A student has to be a U.S. citizen, a citizen of the Freely Associated States, or an eligible noncitizen to be potentially eligible for federal student aid. In this chapter we describe how the student’s FAFSA information is matched with other agencies to determine citizenship status. We also describe the immigration documents that you may need to collect to ensure the student’s eligibility.
U.S. Citizenship and Eligible Categories
A student must be one of the following to be eligible to receive federal student aid:
A U.S. citizen or national;
A citizen of the Freely Associated States: the Federated States of Micronesia and the Republics of Palau and the Marshall Islands. (These students can only receive aid from some of the FSA programs and do not have an A-number/ARN, see “Citizens of the Freely Associated States” section later in this chapter); or
A U.S. permanent resident or other eligible noncitizen.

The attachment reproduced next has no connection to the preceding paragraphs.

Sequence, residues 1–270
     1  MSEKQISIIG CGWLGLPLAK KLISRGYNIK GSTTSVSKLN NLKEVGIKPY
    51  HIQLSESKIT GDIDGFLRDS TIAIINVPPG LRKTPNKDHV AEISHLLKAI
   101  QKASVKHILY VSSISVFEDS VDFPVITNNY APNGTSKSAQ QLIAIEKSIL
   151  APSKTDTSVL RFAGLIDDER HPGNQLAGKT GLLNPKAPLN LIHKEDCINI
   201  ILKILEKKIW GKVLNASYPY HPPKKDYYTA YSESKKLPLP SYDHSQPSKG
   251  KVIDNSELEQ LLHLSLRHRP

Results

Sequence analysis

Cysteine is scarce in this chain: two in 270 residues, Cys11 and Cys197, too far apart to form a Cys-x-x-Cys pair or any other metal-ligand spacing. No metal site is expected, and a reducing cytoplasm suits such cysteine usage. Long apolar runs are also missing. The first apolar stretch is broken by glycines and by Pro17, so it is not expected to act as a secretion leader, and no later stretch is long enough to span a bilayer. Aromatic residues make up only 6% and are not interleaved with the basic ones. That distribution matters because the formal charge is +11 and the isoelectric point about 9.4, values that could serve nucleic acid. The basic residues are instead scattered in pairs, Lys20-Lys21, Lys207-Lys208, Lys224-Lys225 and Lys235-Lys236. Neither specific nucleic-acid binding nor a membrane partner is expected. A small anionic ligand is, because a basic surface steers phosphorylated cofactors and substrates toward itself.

The Department of Education (The Department) matches all applications with the Social Security Administration (SSA) on U.S. citizenship status. If the status cannot be confirmed, the student must provide documents proving U.S. citizenship, citizenship of the Freely Associated States, or eligible non-citizen status in order to be potentially Title IV aid-eligible. If the student provides an alien registration number (ARN) on the FAFSA, their record is also sent to DHS to check noncitizen immigration status. The results of both matches appear on the Institutional Student Information Report (ISIR), and a failed match with either agency will produce a “C code” on the student’s ISIR.
A student’s U.S. citizenship (or eligible noncitizen) status only needs to be checked once for the award year; if the status is eligible at that time, it remains so for the rest of the award year (with the exception of parolees and VAWA prima facie cases; see the “Third Step Verification (Formerly Form G-845)” section below).